The core pillars for holistic well-being

In this article, I reflect on some core pillars for holistic well-being which I focus on both in my coaching practice and as part of my personal well-being practice. It's been a challenging year for each and every one of us in very different ways and has created unexpected change in many areas of our lives, impacting on our well-being. 

As I look back on this past year, I reflect, with gratitude, on what truly matters in life, the value of true connection, love and kindness and those simple yet potent resources that may have helped and supported us along the way, and contributed to our holistic well-being

The pillar of true connection

We’re inherently social creatures who have a core need for meaningful connections in life; connections that feel grounded and wholesome, connections that promote our mental and emotional health, connections that deserve our time, energy and focus.

There is a myriad of different connections we can make in life, yet it's easy to overlook the quality and depth of a connection - how accepted, understood and supported we feel in relationship with another, the authenticity of the connection. Do you walk away from social interactions feeling a sense of resonance and nourishment or are you left with mixed feelings, uncertainty and an unsettled mind?

This year has been challenging to maintain any face to face contact in the way that we’re accustomed to. But, as I reflect upon the past few months, I’m more aware of the value of true connection and the importance of maintaining contact in any way possible with those people who add positivity, peace of mind and good vibrations - our soul brothers and sisters.

The pillar of movement

For me, to move and connect with my body and the embodied process is a fundamental pillar of physical and mental well-being.

As most of us spend more and more time at home, we can easily get distracted and forget to move our bodies, especially during stressful times such as working towards deadlines. By taking that five minutes out to stretch and reset the nervous system, we can reduce stress and anxiety levels and, in turn, improve our mental well-being, focus and productivity.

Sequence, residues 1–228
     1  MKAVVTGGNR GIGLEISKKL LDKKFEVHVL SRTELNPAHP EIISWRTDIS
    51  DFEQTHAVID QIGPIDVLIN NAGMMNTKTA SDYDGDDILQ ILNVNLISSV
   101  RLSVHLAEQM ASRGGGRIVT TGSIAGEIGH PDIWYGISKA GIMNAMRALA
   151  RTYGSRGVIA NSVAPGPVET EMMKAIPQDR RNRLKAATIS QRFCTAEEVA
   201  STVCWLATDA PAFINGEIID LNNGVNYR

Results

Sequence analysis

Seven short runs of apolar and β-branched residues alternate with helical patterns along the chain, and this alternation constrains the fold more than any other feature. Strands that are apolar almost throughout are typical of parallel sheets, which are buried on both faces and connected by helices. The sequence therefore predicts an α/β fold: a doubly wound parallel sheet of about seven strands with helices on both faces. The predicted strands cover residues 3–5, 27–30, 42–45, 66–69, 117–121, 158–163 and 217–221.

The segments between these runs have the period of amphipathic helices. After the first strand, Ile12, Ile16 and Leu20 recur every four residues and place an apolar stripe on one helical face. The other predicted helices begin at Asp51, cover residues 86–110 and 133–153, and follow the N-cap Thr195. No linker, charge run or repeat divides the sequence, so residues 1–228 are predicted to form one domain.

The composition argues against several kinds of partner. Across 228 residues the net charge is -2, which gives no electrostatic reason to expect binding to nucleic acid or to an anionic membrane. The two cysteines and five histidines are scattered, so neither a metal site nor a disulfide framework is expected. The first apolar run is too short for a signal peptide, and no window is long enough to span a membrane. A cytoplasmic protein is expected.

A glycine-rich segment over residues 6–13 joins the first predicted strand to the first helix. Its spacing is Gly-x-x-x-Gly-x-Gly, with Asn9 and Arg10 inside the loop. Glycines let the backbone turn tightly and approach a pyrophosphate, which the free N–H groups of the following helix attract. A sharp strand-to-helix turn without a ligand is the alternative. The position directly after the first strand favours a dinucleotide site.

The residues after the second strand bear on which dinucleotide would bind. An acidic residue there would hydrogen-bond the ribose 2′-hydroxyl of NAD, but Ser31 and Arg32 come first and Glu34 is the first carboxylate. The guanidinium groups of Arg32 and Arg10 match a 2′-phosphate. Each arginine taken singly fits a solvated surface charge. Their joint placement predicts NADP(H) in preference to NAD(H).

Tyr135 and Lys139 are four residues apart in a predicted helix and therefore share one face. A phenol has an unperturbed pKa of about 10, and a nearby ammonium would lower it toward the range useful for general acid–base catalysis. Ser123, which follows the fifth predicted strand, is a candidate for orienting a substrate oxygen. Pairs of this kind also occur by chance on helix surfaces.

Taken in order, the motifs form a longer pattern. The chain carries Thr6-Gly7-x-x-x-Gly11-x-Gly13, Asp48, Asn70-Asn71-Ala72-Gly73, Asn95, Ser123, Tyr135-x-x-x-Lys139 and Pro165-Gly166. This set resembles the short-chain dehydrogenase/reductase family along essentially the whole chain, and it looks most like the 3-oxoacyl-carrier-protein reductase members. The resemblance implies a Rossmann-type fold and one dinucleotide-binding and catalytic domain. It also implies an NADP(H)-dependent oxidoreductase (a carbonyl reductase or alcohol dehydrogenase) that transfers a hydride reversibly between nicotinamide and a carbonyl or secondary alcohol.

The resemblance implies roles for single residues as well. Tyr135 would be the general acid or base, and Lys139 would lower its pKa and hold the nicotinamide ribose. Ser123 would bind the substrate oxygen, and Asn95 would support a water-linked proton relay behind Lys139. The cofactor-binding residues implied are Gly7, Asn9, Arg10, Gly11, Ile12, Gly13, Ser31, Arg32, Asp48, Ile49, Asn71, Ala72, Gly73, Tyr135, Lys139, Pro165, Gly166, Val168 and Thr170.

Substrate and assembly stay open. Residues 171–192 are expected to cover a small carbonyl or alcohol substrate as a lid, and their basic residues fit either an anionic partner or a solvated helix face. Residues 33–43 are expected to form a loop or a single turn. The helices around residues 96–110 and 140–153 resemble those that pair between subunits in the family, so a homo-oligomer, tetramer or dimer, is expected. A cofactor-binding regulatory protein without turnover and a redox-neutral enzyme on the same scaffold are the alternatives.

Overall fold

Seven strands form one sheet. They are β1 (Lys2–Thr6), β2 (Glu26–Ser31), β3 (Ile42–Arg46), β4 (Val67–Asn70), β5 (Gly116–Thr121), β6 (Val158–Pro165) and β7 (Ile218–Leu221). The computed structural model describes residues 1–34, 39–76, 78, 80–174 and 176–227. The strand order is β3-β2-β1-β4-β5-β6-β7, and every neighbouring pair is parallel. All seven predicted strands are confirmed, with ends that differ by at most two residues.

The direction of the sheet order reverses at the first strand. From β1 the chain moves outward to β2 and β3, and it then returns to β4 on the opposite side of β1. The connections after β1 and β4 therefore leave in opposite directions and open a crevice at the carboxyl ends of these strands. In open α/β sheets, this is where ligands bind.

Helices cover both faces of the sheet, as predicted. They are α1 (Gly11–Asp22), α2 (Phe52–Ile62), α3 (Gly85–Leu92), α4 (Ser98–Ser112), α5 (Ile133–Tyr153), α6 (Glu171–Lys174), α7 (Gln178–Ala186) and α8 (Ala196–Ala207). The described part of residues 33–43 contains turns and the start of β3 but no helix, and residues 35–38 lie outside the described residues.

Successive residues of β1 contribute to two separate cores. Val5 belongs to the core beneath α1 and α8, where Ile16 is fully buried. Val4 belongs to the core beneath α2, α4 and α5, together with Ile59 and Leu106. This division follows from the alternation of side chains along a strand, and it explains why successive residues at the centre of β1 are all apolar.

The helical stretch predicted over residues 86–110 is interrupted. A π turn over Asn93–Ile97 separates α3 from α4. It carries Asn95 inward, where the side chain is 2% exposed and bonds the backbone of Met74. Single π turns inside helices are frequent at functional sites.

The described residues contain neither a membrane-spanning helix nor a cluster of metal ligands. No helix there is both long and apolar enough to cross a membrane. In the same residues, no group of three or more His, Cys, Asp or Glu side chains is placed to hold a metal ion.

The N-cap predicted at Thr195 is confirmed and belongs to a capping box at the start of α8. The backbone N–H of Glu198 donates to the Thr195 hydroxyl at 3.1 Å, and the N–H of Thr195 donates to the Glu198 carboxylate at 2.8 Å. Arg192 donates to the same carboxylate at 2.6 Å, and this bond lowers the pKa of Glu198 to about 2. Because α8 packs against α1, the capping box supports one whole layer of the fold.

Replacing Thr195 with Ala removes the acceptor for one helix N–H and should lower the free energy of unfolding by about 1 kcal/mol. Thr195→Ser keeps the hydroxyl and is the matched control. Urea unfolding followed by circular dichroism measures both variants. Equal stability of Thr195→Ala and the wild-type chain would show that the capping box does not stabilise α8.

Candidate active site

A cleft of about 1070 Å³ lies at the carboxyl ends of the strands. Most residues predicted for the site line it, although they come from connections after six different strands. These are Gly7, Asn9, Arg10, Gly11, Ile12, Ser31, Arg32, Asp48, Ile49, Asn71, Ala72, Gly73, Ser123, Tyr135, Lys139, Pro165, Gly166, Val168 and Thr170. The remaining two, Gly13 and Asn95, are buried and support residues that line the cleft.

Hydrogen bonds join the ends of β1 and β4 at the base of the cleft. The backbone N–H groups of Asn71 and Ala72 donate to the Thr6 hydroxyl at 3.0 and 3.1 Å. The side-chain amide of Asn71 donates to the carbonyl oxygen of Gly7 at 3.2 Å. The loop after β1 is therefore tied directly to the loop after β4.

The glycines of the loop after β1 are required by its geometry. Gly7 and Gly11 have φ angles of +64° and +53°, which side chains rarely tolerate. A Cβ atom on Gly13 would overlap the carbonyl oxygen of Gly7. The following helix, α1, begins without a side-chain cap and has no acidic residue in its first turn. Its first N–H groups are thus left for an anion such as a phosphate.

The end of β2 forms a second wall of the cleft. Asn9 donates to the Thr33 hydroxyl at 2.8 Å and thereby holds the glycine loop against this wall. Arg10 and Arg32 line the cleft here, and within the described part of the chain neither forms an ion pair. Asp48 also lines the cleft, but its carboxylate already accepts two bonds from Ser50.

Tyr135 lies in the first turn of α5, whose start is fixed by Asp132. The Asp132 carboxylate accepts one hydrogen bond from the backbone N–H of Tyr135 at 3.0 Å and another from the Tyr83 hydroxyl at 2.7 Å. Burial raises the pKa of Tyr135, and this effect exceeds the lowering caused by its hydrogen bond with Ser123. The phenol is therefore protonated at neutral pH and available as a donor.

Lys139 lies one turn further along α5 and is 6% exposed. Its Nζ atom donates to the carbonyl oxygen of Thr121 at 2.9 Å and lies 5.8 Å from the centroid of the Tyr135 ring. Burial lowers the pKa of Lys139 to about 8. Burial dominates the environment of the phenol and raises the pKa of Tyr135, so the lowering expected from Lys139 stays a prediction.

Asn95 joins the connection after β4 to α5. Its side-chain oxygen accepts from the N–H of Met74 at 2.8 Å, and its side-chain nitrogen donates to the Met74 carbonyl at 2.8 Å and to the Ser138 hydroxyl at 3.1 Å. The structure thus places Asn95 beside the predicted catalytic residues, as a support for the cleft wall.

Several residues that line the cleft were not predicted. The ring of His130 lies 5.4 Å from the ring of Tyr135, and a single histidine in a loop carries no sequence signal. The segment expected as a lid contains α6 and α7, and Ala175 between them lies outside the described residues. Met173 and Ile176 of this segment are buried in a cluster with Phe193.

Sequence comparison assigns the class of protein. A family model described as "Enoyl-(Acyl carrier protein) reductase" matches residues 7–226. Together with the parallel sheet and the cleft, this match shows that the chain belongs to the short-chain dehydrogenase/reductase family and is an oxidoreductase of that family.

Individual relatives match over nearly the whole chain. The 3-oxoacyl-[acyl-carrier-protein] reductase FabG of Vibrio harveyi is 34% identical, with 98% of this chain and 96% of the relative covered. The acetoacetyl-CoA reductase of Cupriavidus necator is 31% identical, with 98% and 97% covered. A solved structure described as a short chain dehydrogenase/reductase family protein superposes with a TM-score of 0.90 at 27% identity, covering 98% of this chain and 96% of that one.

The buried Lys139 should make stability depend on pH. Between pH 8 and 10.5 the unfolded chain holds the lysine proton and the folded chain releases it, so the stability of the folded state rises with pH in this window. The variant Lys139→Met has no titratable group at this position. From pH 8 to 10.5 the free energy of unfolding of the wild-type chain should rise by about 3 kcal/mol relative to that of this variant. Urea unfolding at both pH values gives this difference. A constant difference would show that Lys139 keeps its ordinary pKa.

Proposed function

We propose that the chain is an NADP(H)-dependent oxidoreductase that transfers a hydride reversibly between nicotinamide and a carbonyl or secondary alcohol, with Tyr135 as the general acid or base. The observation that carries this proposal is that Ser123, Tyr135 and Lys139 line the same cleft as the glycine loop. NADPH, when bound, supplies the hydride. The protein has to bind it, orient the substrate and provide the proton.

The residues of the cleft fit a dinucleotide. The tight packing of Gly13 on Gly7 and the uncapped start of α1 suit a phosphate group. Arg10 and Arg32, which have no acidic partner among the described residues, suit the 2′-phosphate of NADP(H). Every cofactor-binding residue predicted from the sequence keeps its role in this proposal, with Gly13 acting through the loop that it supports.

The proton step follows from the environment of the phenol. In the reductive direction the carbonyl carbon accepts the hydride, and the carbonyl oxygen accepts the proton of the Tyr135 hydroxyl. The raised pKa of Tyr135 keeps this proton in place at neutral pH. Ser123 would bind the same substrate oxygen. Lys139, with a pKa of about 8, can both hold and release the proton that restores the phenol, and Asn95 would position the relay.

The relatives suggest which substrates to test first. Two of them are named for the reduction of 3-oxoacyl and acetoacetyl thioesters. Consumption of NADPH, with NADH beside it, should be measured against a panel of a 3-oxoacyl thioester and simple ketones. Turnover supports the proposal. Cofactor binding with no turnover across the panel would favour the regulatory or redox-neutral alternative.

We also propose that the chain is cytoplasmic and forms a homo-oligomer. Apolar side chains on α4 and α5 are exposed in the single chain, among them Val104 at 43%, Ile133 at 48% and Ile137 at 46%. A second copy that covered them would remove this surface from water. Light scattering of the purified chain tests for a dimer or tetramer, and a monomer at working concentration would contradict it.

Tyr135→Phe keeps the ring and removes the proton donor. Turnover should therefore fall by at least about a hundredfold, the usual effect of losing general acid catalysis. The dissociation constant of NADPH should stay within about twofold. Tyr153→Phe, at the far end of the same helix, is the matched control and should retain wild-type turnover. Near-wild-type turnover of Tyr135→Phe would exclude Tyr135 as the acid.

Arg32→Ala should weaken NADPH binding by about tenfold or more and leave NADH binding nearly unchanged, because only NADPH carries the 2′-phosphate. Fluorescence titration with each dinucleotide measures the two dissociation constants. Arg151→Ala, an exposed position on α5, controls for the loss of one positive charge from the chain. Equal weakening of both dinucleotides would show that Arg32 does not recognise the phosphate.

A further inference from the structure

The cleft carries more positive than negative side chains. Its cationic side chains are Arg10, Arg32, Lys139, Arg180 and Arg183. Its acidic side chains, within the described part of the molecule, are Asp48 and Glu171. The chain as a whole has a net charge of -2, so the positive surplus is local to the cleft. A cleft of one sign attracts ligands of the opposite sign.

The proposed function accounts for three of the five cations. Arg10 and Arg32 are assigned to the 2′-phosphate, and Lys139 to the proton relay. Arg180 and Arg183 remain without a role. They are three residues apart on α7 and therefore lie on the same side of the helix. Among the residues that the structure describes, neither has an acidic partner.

The way we move can positively affect the way we think, feel and behave. This year may have triggered some painful and difficult emotions. The energy in motion (the emotion) can get trapped in our bodies, undermining our sense of balance and well-being.

By recognising, accepting and processing these emotions, moving them through and out of the body, we can start to let go, feeling more empowered, connected and present.

Whether it's through dance, running, yoga or embodied breath, the act of moving can release those anxieties, fears and uncertainties we may be holding at an embodied level. By listening to our embodied needs we’re able to compassionately respond in a way that promotes holistic well-being.

Woman doing yoga

The pillar of creativity 

We’re all, by our nature, creative individuals. And, through the creative act of something we uniquely love, we can access that part of ourselves that may have been otherwise hidden, creating our own unique meaning around what might not yet be understood. Building our creative muscle can illuminate our inner lives and enrich our emotional world, providing us with pure joy, new perspectives, stimulation and experiences of connection.

By experimenting within the field of creativity, we can step into our natural flow and nourish our souls.

There is no prescribed way of being creative. In whatever way you wish to express your true self, without judgement, experiment and play with what instinctually feels aligned to your essence. 

As Jung quoted, “Only in our creative acts do we step forth into the light and see ourselves whole and complete”. We can go beyond the intellect by creatively expressing our visions, ideas, shadow parts, instincts and feelings and open a window to a part of ourselves that may have otherwise remained firmly shut.

The pillar of meaning

This year has caused many of us to reflect on the meaning of our lives, what’s really important to us and what gives us that sense of purpose and fulfilment. Finding meaning is personal to each individual, you may find meaning in the love of a child or spouse, you may find it in your career or perhaps in a voluntary role. 

In Victor Frankl’s words, “The meaning of life is to give life meaning.” It is our responsibility to create the meaning that aligns to our core self. What creates that sense of meaning for you in your life? Do you feel fulfilled in your work and personal life? Is there something missing in your life but you’re not sure what it is? Are the choices you’ve made aligned to your true self and your core values?

To have a sense of purpose and meaning is one of the core pillars to happiness and holistic well-being, in addition to tapping into your creative flow, investing in meaningful connections and strengthening your mind and body connection.

Life Coach Directory is not responsible for the articles published by members. The views expressed are those of the member who wrote the article.

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London SW11 & South Kensington SW7

Written by Catherine Crawley, Transformational Life Coach, AMAC

London SW11 & South Kensington SW7

Catherine supports women in discovering their true purpose in life and helps them create that sense of meaning that aligns to their authentic potential and true self. She has helped many women make sense of what they truly want from life, tap into their creative flow, reconnect to their whole self and move forward with clarity and confidence.

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